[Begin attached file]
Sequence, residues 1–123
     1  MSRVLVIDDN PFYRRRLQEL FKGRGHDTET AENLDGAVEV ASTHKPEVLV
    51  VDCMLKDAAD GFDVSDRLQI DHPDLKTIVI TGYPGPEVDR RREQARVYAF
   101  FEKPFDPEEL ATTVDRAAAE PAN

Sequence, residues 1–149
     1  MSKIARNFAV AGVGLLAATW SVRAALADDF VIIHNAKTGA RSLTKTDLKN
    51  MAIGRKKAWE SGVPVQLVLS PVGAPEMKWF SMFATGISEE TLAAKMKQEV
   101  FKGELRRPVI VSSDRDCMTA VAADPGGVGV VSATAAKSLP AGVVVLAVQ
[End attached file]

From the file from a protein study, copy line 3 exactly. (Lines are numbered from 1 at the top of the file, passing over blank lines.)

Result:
    51  VDCMLKDAAD GFDVSDRLQI DHPDLKTIVI TGYPGPEVDR RREQARVYAF